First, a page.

"Gaffney, on seeing Fahey, accused him in a loud voice of trying to make a rumpus in his (Gaffney's) saloon on Washington street," Police superintendent John Byrne told reporters.' "Fahey retorted by calling his accuser some insulting epithet, at which the latter drew a revolver and tried to strike Fahey with it, who retreated into a corner of the room.

"Gaffney then fired toward Fahey, who again retreated toward the door. Gaffney fired again, and by this time both parties were on the outside of the screen, which is always before saloon entrances. Fahey was probably in the street when Gaffney fired the third shot, and he walked but a few paces when he fell where he was found by the police. The first shot probably did not take effect, the second struck him in the left jaw, while the third took effect in his left side under the shoulder blade, and this last one was probably the fatal shot."





Officers Patrick Shea and James M. Shepard of the First Precinct' broke into a run when they heard the shots, racing from Canal Street and Maiden Lane toward Evans Street. On the southeast corner of Evans and Canal, they found Fahey lying in the gutter, groaning and bleeding to death.

The police undoubtedly would have considered this no great loss. Fahey, 23, already had been arrested several times here, and only two months earlier had been released from a term in the Kingston prison in Canada for a knifing in Fort Erie. His reputation, as the newspapers noted, was not good and he even had been sent to state prison for robbing the Hospital of the Sisters of Charity; but the police still had a job to do.

The officers enlisted some of the bystanders, who of course maintained they had seen nothing at all of the crime itself, to carry Fahey into Ladd's tavern nearby. Within minutes, the young man had died. Shepard, on the pretense of going to get a doctor, high-tailed it back to the station-house to wake Capt. Edward Frawley and other officers; their sweep of the neighborhood netted several of the men from the taverns and the crowd of bystanders, including Gaffne.

A number of witnesses were called during the inquest held by Coroner Vaughan, the first step in the criminal case against Gaffney.' Most of them - including Farrell, a red-headed Irish tough who may have handed Gaffney the revolver said they had heard shots, but hadn't seen anyone fire them. Patrick Sweene the bartender said he'd been sitting behind the bar asleep when the shots were fired outside the tavern; John Grandison, a drover, had been playing cards with Gaffney, Farrell and others but was in another tavern when the murder occurred; Edward Gaynor, another card player and a boatman, thought the shots were outside; Samuel McElrath, a lakes steward, was drunk and didn't even hear the gunshots. Nobody, it seemed, knew anything of a quarrel between Gaffney and Fahey.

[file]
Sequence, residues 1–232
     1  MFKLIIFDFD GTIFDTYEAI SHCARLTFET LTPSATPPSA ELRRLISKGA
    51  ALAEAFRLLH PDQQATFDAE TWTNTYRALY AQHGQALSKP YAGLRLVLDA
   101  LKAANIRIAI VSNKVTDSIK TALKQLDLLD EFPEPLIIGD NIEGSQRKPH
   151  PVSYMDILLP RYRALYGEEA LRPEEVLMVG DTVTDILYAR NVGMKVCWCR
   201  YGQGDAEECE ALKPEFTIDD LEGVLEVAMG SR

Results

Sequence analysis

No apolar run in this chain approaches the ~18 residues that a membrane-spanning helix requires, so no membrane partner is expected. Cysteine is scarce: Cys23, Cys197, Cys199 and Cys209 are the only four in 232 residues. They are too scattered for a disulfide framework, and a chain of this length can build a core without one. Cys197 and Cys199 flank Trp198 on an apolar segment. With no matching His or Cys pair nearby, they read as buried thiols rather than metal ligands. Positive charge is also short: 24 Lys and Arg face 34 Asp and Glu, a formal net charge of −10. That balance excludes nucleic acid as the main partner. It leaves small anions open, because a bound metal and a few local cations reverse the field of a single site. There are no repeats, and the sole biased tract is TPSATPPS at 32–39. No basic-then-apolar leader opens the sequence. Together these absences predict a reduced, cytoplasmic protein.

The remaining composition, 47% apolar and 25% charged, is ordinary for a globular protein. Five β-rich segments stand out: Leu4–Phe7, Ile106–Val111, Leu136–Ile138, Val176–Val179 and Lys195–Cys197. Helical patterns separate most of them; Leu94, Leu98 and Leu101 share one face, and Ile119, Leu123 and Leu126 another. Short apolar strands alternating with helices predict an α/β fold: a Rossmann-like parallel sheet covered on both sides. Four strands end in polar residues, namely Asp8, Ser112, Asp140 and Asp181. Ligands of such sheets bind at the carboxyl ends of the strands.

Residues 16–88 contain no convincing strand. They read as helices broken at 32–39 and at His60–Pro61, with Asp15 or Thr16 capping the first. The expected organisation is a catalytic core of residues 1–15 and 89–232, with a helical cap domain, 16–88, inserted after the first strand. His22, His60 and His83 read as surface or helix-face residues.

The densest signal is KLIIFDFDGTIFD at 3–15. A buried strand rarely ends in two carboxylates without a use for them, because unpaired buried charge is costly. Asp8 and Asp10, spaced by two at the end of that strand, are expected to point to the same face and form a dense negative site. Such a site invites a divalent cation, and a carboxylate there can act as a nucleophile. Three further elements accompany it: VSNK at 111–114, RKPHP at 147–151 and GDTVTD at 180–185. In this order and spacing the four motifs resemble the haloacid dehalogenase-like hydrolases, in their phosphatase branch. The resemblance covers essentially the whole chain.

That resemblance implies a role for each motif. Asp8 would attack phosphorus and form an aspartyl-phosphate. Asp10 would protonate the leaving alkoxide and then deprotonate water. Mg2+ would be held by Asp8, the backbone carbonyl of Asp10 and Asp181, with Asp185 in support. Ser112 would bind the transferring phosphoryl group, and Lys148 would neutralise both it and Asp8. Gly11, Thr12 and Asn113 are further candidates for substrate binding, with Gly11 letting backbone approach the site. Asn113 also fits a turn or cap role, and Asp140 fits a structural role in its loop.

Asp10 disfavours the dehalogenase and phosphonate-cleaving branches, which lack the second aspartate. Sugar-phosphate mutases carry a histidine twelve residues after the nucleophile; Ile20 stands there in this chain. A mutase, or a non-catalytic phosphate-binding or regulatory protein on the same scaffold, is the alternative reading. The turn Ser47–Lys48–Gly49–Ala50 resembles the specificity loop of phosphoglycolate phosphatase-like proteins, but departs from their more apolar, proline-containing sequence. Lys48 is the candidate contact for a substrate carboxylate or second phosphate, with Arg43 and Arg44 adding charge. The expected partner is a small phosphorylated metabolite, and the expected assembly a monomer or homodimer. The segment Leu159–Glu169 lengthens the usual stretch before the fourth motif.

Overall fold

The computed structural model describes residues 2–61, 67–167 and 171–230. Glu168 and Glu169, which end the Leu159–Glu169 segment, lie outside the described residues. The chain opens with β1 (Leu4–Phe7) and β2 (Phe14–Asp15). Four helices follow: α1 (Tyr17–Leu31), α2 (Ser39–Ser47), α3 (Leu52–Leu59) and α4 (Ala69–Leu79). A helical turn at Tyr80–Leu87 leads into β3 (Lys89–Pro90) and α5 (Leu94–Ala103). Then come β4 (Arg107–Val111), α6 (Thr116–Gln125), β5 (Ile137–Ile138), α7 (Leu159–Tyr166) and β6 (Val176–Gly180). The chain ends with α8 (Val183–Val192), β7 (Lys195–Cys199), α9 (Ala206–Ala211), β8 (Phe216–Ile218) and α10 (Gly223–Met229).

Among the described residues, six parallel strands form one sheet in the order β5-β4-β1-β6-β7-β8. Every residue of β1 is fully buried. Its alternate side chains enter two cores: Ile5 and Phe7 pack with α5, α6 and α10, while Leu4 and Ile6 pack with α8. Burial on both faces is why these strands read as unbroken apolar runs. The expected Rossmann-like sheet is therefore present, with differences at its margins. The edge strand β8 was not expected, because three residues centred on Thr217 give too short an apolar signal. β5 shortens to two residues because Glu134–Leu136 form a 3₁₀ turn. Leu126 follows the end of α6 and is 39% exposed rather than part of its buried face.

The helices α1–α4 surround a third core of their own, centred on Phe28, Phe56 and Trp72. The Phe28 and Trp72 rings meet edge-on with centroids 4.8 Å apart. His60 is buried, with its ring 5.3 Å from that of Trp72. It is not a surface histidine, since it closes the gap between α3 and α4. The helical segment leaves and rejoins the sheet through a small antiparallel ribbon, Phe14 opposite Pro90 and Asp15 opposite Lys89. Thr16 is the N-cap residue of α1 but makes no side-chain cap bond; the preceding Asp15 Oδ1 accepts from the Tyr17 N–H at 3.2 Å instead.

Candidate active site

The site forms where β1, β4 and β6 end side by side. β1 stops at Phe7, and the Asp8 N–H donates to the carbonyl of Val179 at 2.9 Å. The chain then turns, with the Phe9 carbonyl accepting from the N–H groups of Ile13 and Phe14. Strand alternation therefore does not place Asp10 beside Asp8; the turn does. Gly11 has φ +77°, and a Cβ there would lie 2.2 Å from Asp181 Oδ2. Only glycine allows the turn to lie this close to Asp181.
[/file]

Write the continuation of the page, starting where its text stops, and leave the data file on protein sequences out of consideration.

Nobody, that is, except Alexander McQuinnay, a minstrel who used the stage name of James Quinn. He was an outsider, an itinerant variety actor at Shelby's Comique on the Terrace. He wasn't part of Gaffney's normal crowd but who had ne to the saloon that night with Gaffney for some drinks and a poker game. After an inL,2rrogation session with the police, he told all - and the coroner's jury unanimously decided that Gaffney was guilty.

The jury in the criminal trial before Judge Isaac A. Verplanck reached much the same conclusion, with little waste of time, and Gaffney was sentenced to be hanged. So far, it was just another murder in the Infected District, but now it took a bizarre turn.

Legal appeals had failed. The condemned man's wife and friends had campaigned strenuously for commutation of the death sentence, but the governor had turned them down despite petitions signed by every member of the jury, most of the Common Council, and nearly 100 members of the Board of Supervisors and Board of Trade. Bishop Ryan, head of the Catholic Diocese of Buffalo, had visited Gaffney in the jail office with another priest and two nuns, and had administered what was described as the sacrament of confirmation, but may have been the last rites. Another Gaffney brother-in-law stopped by the prison, for a visit cleared by Sheriff Cleveland - and Gaffney promptly went "crazy."